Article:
Zoe Strimpel

Let’s bust the myth of Jewish hypochondria

The Woody Allen cliché does not apply to most Jews in real life (even if it does apply to myself)

June 29, 2023 11:38

To me, it’s always been a source of terror and, if I think about it — which happens more than it should — disbelief that human consciousness is tethered to fallible flesh and blood. I was three or four when I began sitting bolt upright in the middle of the night with the shock of mortality. I was closer to ten or 11 when I intermittently panicked that I had symptoms of cancer: my temples once hurt, and I somehow ended up with the family doctor peering into my eyes to reassure me there were no signs of a brain tumour. Other upsetting catastrophic convictions followed, and have never stopped. The rational middle ground where the worst possible outcome isn’t the most likely — perfectly accessible to me in other domains — is simply impossible for me in the realm of health.

So it’s hardly a surprise that my friends and family know me as a hypochondriac. Those who have had to bear the brunt of my panics get annoyed with me quite quickly now. They roll their eyes. They remind me that I have always done this. The less impatient refer to my “health anxiety” rather than my hypochondria, while I feebly insist that as I get older, the chances of something actually being wrong grow. Yes, yes, they say, and get back to their lives.

There is an idea that hypochondria is quintessentially Jewish. Along with the love of bagels, sons’ excessive attachment to their mothers and being bad at sport, Jews, it is assumed, are prone to excessive health worry. Woody Allen has been a key figure here, of course: his classic role, played with naturalistic flair, is as the hypochondriac ex-husband in Hannah and Her Sisters. And some Jews, particularly American Jews, lean into the stereotype.

“I don’t know if it’s coded in the DNA of the Jewish People™, or if you become a hypochondriac via osmosis from growing up in a city,” writes the New York-based comedian Kate Schulman in a blog post headlined To all the Jewish Hypochondriacs Out There. “But it seems that a lot of my fellow hypochondriacs are both Jewish and have been to a deli and wondered what would happen if someone were to have a heart attack and smack their head on the case of cold cuts.”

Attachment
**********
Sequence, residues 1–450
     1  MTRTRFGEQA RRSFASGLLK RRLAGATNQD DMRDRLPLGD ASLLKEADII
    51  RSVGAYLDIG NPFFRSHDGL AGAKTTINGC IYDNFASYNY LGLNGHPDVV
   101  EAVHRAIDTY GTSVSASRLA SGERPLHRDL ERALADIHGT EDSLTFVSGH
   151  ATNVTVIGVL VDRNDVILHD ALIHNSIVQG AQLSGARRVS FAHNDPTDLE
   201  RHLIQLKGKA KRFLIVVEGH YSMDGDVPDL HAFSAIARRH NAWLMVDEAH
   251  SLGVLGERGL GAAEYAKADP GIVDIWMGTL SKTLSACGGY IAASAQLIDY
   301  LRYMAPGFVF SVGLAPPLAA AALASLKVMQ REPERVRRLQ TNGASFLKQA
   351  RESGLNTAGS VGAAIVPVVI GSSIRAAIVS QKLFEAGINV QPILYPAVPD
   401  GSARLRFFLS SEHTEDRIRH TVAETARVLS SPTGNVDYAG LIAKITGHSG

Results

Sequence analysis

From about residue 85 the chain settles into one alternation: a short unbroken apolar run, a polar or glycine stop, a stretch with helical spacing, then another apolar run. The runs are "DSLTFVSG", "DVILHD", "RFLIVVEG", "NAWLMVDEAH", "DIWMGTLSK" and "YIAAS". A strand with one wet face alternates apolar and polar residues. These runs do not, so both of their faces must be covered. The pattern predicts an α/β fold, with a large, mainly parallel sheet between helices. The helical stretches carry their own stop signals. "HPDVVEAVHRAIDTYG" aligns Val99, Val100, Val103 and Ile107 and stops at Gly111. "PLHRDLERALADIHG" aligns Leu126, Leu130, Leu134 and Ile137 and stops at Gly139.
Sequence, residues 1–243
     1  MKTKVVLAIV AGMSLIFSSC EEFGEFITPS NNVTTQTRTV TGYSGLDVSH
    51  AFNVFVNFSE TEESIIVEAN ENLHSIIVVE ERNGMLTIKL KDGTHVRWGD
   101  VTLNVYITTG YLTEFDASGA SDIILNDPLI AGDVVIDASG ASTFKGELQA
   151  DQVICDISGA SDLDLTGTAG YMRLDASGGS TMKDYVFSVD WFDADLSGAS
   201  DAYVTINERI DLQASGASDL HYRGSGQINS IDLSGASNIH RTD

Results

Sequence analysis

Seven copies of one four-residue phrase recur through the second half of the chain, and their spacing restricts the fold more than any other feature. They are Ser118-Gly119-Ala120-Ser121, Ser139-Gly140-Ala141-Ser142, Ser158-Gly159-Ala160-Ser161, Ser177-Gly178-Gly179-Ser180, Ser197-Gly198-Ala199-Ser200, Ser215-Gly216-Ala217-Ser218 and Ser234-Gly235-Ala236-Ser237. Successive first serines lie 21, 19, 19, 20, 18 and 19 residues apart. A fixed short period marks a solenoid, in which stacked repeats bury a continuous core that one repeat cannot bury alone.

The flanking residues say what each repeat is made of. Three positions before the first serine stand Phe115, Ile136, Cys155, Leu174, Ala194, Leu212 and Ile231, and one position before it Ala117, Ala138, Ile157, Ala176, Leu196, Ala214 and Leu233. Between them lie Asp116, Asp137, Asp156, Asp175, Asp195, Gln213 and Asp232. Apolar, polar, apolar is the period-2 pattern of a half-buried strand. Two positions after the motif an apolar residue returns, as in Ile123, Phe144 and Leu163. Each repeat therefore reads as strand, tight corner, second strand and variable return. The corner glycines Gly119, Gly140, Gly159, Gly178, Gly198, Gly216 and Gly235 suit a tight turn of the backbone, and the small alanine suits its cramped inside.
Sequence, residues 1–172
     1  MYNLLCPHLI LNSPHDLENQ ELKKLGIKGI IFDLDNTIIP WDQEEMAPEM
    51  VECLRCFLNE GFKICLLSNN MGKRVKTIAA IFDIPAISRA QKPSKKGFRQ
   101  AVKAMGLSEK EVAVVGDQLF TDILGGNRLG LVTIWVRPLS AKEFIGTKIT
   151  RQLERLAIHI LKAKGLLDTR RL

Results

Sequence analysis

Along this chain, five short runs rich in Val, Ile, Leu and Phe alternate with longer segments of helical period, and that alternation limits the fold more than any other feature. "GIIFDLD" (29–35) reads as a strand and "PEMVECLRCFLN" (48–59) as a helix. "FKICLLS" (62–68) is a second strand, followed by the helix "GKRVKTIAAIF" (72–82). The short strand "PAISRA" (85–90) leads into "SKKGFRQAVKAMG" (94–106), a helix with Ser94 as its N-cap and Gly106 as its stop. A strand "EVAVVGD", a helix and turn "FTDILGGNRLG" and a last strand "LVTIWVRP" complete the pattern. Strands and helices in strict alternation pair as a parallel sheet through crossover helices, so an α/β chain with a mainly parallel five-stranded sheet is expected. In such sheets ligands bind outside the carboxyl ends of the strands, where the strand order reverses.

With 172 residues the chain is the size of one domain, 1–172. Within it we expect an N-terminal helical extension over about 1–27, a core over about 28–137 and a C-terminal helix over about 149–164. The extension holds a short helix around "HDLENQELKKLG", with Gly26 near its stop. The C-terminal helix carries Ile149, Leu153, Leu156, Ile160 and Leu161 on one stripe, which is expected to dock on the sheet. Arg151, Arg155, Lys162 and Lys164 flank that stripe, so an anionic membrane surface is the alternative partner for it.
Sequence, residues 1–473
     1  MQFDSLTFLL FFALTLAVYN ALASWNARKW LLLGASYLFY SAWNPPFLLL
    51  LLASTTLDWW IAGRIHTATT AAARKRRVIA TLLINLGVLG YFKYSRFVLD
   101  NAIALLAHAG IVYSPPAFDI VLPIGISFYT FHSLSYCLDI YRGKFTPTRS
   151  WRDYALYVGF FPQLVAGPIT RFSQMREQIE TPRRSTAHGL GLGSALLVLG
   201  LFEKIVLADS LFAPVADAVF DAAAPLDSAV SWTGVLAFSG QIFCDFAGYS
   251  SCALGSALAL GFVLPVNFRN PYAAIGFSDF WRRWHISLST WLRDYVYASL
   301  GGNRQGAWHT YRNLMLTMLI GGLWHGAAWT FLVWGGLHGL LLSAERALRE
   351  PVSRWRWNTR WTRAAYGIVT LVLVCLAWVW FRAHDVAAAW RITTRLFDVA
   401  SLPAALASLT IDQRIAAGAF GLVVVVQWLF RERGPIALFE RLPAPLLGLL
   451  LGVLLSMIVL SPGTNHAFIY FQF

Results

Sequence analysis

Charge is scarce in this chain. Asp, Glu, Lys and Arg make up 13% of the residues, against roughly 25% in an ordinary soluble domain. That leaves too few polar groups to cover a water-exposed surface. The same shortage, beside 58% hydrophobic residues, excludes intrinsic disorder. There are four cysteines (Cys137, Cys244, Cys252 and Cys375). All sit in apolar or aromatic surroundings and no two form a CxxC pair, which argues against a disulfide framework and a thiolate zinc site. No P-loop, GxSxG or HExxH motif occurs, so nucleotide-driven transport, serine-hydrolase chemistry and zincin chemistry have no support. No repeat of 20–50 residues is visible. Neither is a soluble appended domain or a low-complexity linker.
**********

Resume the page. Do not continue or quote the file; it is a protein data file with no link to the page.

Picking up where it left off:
But the reality is that Jews, at least in my experience, are not particularly prone to hypochondria. What we are prone to is an unreserved form of familial love and concern, which can sometimes take the form of intense questions about wellbeing and health. There are obvious reasons that we worry about these: thousands of years of experience have taught us on one hand that danger lurks everywhere, and on the other, that the only thing we really have is our physical persons, since possessions might be ransacked or have to be abandoned.

The Jews I know, including my parents and a friend who actually has breast cancer, may worry or feel down from time to time. But hypochondriacs? Absolutely not. Aside from myself, not a single Jew I know takes every twist and turn in their health as a sign of cancer.

Even when something looks or sounds quite concerning, and I am secretly panicking on their behalf, not one of them adopts my approach of total blanket obsession and panic until the issue has been resolved. Sometimes they even let things like work, or other commitments, get in the way of making an appointment to see a doctor. And their approach to waiting for test results — including biopsies — is stoic. “No point worrying about it,” says one friend. Don’t get me wrong: the same friend stays up worrying at night, including about health, but exclusively in terms of how her baby son would survive if something happened to her.

The “Jewish mother” stereotype in the domain of health particularly fails to apply in my case. My mother, a microbiologist by training, is the most impatient of anyone with my health terrors and does not hide her frustration with what to her is now nearly 40 years of worry that this time it’s definitely cancer. Or sepsis. Or HIV. Or tetanus. I sometimes ring her up to ask if I can eat this or that food item that has been left out of the fridge overnight, accidentally, or something well past its sell-by date — and she’ll quickly calculate an answer based on how fast bacteria grows. It’s hardly Woody Allen.

In fact, I can’t help but wonder if a more fitting stereotype for Jews is stoicism. We’ve had to put up with so much and the sense I have always got from my Jewish elders is that they have far greater fish to fry than worry about uncontrollable bodily events. Indeed, there is a wisdom and pragmatism among Jews, especially older Jews, that gets less airtime than the Woody Allen stereotype.

That’s not to say we aren’t terrified of untimely death or suffering. It’s also not to say that Jews don’t suffer widespread anxiety (though whether this is really more than other groups is hard to say). But I don’t think we indulge health terror any more than the next person — and perhaps less.

My own tendency to panic about the worst bodily outcome is about my fear of death, and of dying, which is a fairly human thing. But for its somewhat hysterical manifestation, blame me, not my people.

June 29, 2023 11:38

Want more from the JC?

To continue reading, we just need a few details...

Want more from
the JC?

To continue reading, we just
need a few details...

Get the best news and views from across the Jewish world Get subscriber-only offers from our partners Subscribe to get access to our e-paper and archive